Diplomats: Ministerial meetings are prepared at diplomatic level by the Committee of the Permanent Representatives of the Governments of the Member States to the European Union or ‘COREPER’, composed of senior civil servants from the member states. COREPER is in fact two committees. The more senior is COREPER II, which brings together the permanent representatives — the heads of the national missions, called Permanent Representations, that all member states maintain in Brussels. The permanent representatives are of ambassadorial rank. Deputy permanent representatives, who are deputy ambassadors, are members of COREPER I.

COREPER II prepares the work of General Affairs Council,
Foreign Affairs Council,
Economic and Financial Affairs Council, and
Justice and Home Affairs Council. COREPER I is responsible for some aspects of
agriculture and fisheries, competitiveness, education, youth, culture and sport, employment, social policy, health and consumer affairs, environment, and transport, telecommunications and energy. Both these powerful committees meet weekly and are chaired by the rotating Council Presidency.

As the Financial Times’s Lionel Barber has observed, COREPER I and II perform a dual function. At EU level they are ‘a clearing house for the Council’, ensuring that as many issues as possible can be resolved before referral to ministers. They also serve as ‘a bridge to national capitals’ from Brussels.  Most member countries organize their input to EU decision making around the weekly meetings of COREPER. National ministries at home work through national coordinating systems to ensure that that the appropriate positions is taken by their representative in Brussels when an agenda item appears that is that likely to affect them.

Officials: The third and broadest tier of the Council structure — the base of the pyramid — are the 150 or more working parties and committees. These are composed of national civil servants from the member states. Working groups are created by COREPER and cover all areas where the Union has policy responsibilities. They meet as frequently as the volume of business requires.

Who coordinates the work of the Council?

The General Affairs Council assists in overseeing the various ministerial formations, but the real work is done by the Council Presidency and the General Secretariat of the Council. Both bodies contribute importantly to the coherence of the Council’s work.

The country holding the Council Presidency is responsible for preparing the agenda and chairing all Council meetings at all levels, except for foreign affairs. The Presidency also liaises with other EU institutions, particularly the Commission on policy matters and the Parliament in negotiating legislation. Inside the Council, the presidency is expected to provide a neutral chair, negotiate compromise and issue initiatives where action becomes necessary. Since sixth months is a relatively short period, a trio arrangement has been introduced which involves the country currently holding the Council Presidency working closely with the country that has just held it and the country that will next assume office. Though each country is expected to determine a more detailed programme for the six months that it will occupy the Presidency, the trio sets long goals and outlines an 18-month agenda that responds to the topics and issues that the Council will address.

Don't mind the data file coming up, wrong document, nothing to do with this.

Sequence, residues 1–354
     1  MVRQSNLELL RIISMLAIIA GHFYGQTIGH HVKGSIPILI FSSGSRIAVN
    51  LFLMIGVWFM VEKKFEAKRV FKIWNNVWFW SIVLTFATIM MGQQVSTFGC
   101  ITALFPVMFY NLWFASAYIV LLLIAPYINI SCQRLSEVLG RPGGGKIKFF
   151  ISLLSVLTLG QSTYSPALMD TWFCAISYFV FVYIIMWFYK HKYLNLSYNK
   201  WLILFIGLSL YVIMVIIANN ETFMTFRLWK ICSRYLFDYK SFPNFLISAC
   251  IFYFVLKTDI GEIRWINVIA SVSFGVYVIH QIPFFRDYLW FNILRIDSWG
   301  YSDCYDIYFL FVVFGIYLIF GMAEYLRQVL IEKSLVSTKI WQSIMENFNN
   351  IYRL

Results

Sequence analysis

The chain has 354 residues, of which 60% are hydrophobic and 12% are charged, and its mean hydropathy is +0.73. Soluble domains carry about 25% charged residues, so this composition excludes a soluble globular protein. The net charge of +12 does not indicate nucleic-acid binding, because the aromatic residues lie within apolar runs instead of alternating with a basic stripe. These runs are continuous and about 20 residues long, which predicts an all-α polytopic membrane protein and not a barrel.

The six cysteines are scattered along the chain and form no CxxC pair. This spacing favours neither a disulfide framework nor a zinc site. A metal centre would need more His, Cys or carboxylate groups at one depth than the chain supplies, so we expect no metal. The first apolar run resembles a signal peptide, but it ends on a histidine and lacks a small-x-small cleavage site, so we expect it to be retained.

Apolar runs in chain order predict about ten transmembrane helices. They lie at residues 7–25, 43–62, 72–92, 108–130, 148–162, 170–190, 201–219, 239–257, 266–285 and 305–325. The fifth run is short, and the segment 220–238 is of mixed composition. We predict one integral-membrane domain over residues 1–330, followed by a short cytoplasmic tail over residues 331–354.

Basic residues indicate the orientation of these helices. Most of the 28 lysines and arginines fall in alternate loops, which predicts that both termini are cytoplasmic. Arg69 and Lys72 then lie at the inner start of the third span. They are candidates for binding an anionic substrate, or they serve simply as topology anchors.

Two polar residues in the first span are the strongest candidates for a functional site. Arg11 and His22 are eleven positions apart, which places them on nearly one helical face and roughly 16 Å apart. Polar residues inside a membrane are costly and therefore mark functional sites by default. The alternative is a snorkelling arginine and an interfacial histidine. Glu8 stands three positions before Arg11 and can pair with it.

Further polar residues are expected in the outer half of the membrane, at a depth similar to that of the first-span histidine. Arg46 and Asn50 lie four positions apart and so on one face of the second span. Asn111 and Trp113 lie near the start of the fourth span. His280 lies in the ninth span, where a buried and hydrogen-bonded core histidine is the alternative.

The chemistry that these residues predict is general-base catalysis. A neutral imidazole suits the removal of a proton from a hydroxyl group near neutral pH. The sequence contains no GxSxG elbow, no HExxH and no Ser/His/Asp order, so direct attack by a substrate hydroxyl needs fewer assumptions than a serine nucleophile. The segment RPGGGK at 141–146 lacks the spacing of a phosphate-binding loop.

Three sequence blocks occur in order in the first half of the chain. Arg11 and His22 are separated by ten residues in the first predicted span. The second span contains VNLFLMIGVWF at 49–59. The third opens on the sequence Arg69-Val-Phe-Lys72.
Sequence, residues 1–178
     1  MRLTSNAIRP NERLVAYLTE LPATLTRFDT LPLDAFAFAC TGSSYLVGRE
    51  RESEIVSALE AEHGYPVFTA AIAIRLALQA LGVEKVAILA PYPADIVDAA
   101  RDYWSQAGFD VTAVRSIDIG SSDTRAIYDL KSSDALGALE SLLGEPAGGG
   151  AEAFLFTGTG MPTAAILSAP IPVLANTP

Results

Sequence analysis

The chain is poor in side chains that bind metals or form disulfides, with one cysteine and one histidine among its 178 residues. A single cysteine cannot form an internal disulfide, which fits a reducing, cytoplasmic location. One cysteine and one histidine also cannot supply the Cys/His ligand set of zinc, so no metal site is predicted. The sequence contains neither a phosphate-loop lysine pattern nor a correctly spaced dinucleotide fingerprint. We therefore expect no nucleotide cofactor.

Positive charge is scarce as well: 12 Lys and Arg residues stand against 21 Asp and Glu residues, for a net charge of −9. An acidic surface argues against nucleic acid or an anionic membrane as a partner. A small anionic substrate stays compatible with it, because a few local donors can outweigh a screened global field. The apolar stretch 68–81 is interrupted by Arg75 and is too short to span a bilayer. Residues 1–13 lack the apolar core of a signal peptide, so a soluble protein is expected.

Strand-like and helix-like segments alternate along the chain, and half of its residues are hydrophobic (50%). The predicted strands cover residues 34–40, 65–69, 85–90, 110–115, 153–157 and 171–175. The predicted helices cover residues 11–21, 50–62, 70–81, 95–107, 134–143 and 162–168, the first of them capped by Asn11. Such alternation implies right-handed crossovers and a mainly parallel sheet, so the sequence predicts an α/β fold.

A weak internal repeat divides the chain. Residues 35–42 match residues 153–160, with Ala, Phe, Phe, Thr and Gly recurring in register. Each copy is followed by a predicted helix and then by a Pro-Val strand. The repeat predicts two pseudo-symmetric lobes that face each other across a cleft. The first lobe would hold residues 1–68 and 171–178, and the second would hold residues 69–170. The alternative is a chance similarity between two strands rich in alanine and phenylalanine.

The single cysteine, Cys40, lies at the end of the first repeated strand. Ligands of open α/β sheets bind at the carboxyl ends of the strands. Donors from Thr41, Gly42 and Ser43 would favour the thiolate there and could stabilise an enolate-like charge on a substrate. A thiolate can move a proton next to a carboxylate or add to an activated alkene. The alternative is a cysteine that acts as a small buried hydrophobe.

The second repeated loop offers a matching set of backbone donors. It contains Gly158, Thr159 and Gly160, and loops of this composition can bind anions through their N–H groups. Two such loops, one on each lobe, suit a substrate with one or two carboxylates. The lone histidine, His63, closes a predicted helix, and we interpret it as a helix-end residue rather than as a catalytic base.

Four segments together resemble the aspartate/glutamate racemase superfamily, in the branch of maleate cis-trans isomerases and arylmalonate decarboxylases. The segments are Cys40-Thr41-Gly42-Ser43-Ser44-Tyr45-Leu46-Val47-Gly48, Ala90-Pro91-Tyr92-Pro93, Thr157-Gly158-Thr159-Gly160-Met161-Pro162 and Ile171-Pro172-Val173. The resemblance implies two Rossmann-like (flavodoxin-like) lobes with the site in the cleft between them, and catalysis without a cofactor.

The Council Secretariat, currently headed by the Dane, Jeppe Tranholm-Mikkelsen, also contributes to continuity in the work of the Council. It provides the institutional memory for the Council and supports its work. As well as assisting, advising and helping coordinate the work of the Council and the European Council, the Council Secretariat supports the Council presidency in its negotiations inside the Council and with other EU institutions. Offering advice on legal matters is especially important and the Council Secretariat is widely viewed as an authority on matters of EU law. The Council Secretariat also has more practical responsibilities. It arranges meetings, which involves document production and translation, as well as space allocation. It provides logistical support to the Council Presidency in running these meetings at all levels, as well as preparing draft agendas, reports, notes and minutes of Council meetings.

How does the Council work?

In most areas of its business, the work of the Council begins when it receives a legislative proposal from the Commission. The same document is also transmitted simultaneously to the European Parliament. As co-legislative bodies, the Council and the Parliament examine the Commission text in parallel. There can be up to three readings before they agree or reject a proposal.

At each reading the proposal passes through three levels at the Council. Deliberations begin in the working parties, where the text is scrutinized by civil servants from the member states. Since the emphasis at this stage is on the technical merits of the proposal and the expectation is that the national delegations will go through it line by line, member states usually ensure that their top experts are present. There is no obligation or expectation that the working party will reach agreement. At whatever position the working group arrives, the outcome of the discussions is reported to COREPER.